18. Comparison between Australia and TPNG

Paul Quinlivan’s Snapshots

Librarian Ruth Carter (who referred to herself as ‘The Original Lady Who Lived in a Lavatory’ because the library had been an Officers’ Club during the war and she had converted their ‘ten holer’ into a flat) was the driving force of the Discussion Group mentioned in No. 6 and when she saw that I was not just another dropper-in with nothing to do, she nominated, as my first discussion paper, the article by Murray Groves on the way Natives were dealt with in the Supreme Court of Papua New Guinea.

I begged off, saying that I had only been in the Territory six months, but she said that the article (which is at pages 582-588 of the 25 January 1952 issue of the Australian Law Journal) was written as a result of an earlier article by Professor Elkin of Sydney, about the way Australian courts had treated Aborigines and that, since I had done my schooling at New Norcia, the oldest and largest Aboriginal Mission in WA, it was right up my alley.

This was a time when MauMau was in the Australian newspapers almost daily and we all had strong views about it and its effects. Nobody, however, had said anything bad about Australia’s treatment of the Aborigines and the first reaction to Elkin’s article was outrage because he claimed that Aborigines were dragged, terrified, before the courts without anyone bothering to explain what the Law’s ‘standards’ were or what the consequences of being brought before a court could be. My task was to tell the Ela Beach Discussion Group whether this ‘Australian characteristic fault’ applied in Australian TPNG.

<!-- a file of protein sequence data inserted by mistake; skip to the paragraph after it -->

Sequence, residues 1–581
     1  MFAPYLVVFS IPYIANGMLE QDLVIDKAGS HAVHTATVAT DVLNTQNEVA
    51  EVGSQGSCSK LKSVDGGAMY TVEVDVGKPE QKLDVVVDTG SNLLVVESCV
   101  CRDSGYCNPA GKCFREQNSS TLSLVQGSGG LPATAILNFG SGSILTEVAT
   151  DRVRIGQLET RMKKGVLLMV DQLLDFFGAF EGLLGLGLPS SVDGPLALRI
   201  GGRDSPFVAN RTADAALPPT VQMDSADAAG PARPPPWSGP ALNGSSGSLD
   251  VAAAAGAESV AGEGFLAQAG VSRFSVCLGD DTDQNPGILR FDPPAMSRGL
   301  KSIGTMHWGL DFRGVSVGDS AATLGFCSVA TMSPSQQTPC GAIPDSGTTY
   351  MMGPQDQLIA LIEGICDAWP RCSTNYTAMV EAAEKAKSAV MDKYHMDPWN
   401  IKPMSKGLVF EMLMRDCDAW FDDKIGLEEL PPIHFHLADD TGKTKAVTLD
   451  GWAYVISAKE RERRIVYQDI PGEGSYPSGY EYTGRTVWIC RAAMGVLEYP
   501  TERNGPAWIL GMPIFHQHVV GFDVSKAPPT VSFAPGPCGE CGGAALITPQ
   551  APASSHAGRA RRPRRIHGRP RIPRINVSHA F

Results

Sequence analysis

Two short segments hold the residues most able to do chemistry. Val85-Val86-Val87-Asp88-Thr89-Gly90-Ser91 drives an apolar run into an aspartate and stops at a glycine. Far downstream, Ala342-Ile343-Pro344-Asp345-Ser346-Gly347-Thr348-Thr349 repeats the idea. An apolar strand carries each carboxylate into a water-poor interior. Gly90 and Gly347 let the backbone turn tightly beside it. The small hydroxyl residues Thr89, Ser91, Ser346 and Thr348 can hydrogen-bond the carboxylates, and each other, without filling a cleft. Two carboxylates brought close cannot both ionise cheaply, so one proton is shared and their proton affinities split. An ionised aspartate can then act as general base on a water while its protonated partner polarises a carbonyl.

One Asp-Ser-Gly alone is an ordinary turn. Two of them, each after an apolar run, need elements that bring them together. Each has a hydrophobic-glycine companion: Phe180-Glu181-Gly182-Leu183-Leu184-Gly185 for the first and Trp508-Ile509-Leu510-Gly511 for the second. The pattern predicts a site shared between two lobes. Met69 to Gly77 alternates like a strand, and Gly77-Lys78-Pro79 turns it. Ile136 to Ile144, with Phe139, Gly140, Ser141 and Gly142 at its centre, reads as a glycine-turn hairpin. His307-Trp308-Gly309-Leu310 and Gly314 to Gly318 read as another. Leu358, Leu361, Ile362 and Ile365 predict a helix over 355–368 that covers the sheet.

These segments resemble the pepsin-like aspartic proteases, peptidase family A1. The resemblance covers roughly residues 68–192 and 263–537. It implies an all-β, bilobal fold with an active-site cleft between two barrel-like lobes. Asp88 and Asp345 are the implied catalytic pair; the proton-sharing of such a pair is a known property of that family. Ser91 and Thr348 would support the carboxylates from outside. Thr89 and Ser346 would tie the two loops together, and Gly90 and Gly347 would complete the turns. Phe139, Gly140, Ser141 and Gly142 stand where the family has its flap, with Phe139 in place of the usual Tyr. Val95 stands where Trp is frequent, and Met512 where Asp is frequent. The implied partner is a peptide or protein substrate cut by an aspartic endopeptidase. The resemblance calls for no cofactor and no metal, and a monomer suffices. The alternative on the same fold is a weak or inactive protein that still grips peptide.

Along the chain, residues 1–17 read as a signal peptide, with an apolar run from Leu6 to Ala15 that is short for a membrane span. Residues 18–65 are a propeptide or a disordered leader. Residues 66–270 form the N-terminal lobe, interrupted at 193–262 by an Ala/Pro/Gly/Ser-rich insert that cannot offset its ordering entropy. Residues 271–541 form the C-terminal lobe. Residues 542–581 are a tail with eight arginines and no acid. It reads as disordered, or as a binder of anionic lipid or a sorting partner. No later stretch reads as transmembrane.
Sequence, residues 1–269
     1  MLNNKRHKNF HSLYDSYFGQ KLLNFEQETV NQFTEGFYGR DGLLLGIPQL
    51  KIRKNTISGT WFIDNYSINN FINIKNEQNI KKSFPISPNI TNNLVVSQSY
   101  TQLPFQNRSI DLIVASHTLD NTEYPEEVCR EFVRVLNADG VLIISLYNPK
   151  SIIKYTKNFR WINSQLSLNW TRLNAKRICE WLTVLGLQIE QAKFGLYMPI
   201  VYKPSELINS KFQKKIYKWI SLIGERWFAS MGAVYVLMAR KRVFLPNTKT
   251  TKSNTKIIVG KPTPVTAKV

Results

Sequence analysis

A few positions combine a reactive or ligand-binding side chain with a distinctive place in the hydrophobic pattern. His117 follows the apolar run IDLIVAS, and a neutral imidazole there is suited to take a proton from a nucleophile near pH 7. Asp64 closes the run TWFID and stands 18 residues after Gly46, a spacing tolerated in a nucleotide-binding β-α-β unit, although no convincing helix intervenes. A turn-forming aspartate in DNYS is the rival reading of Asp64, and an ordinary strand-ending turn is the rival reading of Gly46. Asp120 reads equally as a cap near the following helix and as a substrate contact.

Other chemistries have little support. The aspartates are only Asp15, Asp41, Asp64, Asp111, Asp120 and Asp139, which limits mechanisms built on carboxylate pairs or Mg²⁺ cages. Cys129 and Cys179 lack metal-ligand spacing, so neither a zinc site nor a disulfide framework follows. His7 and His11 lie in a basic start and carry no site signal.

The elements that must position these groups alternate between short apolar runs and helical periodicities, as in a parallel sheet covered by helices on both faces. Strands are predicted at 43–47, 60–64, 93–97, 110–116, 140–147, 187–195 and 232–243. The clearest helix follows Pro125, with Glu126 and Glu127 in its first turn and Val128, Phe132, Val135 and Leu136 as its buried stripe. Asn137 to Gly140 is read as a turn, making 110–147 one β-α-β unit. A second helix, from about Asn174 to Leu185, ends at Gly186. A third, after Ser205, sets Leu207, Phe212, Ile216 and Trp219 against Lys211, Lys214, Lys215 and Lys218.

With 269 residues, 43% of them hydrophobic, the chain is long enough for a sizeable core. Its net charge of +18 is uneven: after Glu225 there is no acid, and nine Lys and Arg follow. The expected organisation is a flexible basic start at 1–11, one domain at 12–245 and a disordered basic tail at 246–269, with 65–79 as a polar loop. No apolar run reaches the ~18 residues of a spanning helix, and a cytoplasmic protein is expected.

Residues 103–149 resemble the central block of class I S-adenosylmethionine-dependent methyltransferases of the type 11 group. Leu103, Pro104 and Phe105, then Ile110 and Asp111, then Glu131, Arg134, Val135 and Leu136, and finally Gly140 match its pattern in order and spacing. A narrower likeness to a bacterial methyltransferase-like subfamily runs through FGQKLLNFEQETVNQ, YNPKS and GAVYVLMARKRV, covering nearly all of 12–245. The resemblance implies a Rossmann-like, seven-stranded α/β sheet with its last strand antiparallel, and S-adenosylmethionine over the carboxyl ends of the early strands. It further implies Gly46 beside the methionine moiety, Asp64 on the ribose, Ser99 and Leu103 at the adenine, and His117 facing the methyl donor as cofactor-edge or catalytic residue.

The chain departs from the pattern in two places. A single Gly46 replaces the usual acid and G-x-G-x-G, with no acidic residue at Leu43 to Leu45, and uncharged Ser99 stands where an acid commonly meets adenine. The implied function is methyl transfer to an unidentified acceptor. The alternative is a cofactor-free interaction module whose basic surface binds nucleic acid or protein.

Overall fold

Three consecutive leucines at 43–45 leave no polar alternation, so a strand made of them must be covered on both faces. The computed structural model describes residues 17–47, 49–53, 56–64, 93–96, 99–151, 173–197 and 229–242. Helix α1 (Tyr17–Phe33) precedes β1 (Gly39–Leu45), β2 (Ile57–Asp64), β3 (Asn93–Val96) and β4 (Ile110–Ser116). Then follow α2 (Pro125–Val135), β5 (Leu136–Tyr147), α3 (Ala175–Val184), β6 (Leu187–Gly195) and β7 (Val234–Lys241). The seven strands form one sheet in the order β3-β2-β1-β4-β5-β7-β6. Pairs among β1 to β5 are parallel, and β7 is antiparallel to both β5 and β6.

Since Murray Groves had only been in Port Moresby and along the southern coast of Papua, it was unfair to expect him to speak about the former Mandated Territory but I had just spent six months there with the Supreme Court so I must be able to fill the gap, Ruth said. To cut a long story short (‘long’ because I had not seen Professor Elkin’s paper and I had only been in the Supreme Court in TPNG, not in Magistrates’ Courts) I said that the summary of Elkin’s paper which they had provided resonated well with my own experience in Magistrates’ Courts in Perth, Bunbury, Geraldton, Sydney and Melbourne, but the victims were not restricted to Aborigines.

Too many people running those courts seemed to have become immersed in their own work (or their own importance) with the result that they forgot that it was all quite terrifying for newcomers. And I said that I had been thrilled to see, in every town I went to in TPNG, the care with which Kiaps listened to Monte’s speeches about making sure that every Native hailed before them was properly treated. And I have repeated that many times eg in my paper: “TPNG and the Common Law”, my lecture “The Papua New Guinea Precedent for Taking a Plea”, and in my lectures to Magistrates.


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